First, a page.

It’s tough to like a player who is only eligible at DH. It handcuffs a team and ruins your flexibility. As a result, Billy Butler is usually not at the top of many draft boards despite being fairly consistent in what he can give you. He’s a high AVG hitter with a bit of pop in his bat and is able to generate a decent amount of RBI’s because he’s usually batting cleanup. His HR totals fluctuate a bit year-to-year but he’s been nearly the same player each year over the past five seasons aside from that. Plus, he’s durable and has had between 668 and 679 PA’s in each of those five seasons.
5. Adrian Gonzalez will also nearly hit .300 with 20+ HR and nearly 100 RBI and nobody will care that much either
He’s not the 40 HR hitter he once was but don’t hold it against him. We have a pretty clear picture of what we’re going to get out of this current incarnation of A-Gon and he still has room to improve now that he’s healthier than past years. He’ll come close to hitting .300 and he’ll still hit a respectable amount of HR’s and he’ll rake in those RBI’s while hitting cleanup in a good lineup. It’s what he does. He’s only turning 32 (seems like he should be 42 by now) so age is still on his side and he’s played a full season every year dating back to 2006. Don’t hold it against him that he’s not the player he was in San Diego.
6. Prince Fielder hits over 30 HR’s again
We saw a dip in Prince’s power last year but he gets a little gift this year due to the fact that he’ll be going to a park that favors his hitting style. Hitting in Texas should give him a 2 to 3 HR boost regardless of whether his HR/FB improves or not. HR/FB can be fluky and we saw Prince hit way below his career average last year when it came to how many FB’s became homers. Expect a positive regression in that regard and a few extra Texas-induced HR’s as he goes back to passing the 30 HR plateau again.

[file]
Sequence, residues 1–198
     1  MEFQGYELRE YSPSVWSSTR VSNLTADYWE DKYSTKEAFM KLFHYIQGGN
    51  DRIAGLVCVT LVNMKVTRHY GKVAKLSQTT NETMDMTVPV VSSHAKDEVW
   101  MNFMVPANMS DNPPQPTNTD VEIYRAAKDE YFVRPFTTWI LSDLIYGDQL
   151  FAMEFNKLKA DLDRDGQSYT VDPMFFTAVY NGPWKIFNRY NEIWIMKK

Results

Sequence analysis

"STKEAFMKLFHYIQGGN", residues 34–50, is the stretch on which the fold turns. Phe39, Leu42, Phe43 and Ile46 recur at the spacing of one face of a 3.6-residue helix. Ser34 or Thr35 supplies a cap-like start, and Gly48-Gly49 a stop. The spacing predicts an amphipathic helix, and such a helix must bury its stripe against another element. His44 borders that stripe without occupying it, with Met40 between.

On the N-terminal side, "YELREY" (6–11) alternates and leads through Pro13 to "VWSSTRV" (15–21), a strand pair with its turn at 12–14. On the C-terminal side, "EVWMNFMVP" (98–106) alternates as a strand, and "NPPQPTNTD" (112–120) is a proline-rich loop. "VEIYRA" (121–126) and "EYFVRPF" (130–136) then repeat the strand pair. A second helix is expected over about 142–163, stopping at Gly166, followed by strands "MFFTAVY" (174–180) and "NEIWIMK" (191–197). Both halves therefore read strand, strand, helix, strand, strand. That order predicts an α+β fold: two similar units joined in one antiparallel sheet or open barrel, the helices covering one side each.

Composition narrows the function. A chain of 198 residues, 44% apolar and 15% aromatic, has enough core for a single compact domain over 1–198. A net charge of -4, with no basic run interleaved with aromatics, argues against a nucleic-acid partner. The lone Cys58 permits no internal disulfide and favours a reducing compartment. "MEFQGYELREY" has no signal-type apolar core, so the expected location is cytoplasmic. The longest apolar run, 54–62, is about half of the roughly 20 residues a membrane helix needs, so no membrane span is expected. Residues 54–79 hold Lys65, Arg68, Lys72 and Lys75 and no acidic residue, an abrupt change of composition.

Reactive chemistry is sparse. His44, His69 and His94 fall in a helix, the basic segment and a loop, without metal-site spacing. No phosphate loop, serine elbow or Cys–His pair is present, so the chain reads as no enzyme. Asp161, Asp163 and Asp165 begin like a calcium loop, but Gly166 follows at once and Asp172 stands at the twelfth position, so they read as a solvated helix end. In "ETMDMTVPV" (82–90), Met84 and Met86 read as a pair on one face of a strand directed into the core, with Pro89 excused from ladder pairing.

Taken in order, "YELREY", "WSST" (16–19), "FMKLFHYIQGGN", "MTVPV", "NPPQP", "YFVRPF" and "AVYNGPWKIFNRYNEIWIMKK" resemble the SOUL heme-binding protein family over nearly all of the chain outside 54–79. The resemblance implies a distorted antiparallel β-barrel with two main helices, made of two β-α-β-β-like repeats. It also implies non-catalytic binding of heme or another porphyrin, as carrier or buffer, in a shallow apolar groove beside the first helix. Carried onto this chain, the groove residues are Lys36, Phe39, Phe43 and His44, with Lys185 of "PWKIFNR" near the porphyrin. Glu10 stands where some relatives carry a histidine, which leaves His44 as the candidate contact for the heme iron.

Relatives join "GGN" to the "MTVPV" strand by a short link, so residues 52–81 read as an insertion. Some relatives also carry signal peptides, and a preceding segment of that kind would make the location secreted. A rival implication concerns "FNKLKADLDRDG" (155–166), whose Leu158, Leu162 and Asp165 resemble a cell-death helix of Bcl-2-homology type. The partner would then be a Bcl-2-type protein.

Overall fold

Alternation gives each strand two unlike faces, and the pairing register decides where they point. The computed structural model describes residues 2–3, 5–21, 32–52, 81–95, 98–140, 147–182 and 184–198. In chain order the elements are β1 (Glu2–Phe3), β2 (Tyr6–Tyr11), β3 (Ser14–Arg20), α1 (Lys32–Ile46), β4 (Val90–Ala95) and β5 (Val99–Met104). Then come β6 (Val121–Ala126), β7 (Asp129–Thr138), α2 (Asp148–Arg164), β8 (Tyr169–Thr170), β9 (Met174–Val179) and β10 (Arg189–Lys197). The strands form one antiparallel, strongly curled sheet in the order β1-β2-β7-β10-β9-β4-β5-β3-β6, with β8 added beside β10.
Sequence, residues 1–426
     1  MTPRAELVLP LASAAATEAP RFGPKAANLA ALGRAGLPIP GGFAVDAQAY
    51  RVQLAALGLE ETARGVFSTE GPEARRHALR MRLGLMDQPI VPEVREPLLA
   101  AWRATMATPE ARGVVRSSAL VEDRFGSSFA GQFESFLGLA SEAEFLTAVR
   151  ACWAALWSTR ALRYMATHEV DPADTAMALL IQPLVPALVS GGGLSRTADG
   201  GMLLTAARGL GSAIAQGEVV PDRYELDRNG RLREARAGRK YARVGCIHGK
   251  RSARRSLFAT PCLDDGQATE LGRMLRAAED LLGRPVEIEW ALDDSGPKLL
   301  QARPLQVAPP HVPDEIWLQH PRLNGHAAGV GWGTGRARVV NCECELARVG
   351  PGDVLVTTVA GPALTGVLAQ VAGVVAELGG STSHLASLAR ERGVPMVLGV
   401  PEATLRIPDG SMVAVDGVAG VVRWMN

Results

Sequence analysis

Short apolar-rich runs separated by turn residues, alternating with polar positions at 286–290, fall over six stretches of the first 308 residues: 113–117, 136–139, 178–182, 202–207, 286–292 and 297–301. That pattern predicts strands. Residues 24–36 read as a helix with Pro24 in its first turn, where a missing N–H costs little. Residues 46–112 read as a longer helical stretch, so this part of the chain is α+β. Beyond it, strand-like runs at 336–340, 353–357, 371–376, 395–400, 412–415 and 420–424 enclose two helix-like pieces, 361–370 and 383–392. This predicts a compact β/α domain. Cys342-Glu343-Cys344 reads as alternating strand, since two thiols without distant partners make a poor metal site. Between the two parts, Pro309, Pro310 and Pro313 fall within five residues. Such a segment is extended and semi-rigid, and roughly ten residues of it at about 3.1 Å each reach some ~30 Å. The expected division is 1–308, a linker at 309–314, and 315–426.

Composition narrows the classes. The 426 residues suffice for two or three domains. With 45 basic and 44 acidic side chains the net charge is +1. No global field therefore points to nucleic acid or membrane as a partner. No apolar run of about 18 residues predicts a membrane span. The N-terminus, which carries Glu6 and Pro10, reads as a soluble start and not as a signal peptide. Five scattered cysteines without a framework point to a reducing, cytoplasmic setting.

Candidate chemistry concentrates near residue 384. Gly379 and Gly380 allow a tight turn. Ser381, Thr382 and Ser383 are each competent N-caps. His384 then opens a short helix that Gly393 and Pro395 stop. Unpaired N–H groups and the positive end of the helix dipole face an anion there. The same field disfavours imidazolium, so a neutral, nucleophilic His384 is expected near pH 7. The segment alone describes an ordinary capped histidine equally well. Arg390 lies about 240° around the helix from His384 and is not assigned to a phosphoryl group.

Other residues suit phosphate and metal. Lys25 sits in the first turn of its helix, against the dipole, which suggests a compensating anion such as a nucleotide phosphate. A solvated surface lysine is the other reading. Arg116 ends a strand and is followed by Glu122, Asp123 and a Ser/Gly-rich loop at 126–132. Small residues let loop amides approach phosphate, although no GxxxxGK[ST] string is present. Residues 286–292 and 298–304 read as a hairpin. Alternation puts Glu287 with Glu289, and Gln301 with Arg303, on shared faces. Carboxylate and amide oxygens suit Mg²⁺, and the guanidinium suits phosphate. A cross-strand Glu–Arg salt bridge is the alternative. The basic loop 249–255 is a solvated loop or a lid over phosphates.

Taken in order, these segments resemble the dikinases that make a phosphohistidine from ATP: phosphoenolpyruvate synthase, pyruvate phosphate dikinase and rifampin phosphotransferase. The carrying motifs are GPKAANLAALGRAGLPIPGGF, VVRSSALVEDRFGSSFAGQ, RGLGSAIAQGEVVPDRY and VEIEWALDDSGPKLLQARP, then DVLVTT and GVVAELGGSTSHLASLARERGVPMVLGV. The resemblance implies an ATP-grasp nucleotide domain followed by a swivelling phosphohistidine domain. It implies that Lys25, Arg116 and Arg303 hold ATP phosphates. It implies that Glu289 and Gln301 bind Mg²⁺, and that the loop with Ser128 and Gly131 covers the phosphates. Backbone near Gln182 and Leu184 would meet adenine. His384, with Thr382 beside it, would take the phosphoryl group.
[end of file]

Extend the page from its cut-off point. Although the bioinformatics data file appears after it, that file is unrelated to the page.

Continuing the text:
7. Troy Tulowitzki fails to get 500 AB’s again
I hate to predict injury upon a player but Tulo does not have the ability to stay healthy it seems. He’s only had one season since 2008 where he played more than 143 games. To expand on that, he’s only had more than 470 AB’s twice in the past six seasons. He’ll do quite well when he’s in the games but you’ll remain frustrated by Tulo’s potential again this year.
8. Ryan Braun still hits like Ryan Braun and finishes in the top 8 in value
Why are we down on Braun this year? What turned him from a top three pick to a second round pick? Yes, he was suspended and drugs are bad and all that stuff but do you expect him to be a totally different player now? I fully expect another .300 season that flirts with 30/30 or 40/20 numbers.
9. Cliff Lee continues to quietly be a top five pitcher
He’s getting up there in age but his production actually seems to slowly get better and better as he throws more strikeouts and less walks each year since his evolution in 2008. Steady, reliable and durable is very nice, especially when coupled with the fact that he may end up going to an actual competitor during the season if the Phillies trade him away (speculating).
10. Half of the top 10 closers at the end of the year had an ADP later than 200
That would mean that of the top twenty or so closers, only five of them actually will end as top ten closers. I think MLB managers is slowly moving towards having a shorter hook with closers. In 2011, there were only two closers in the year-end top ten that were drafted later than 200 but then it was six and four in 2012 and 2013 respectively. I think the trend continues and we see more middle relievers stealing closer jobs throughout the year.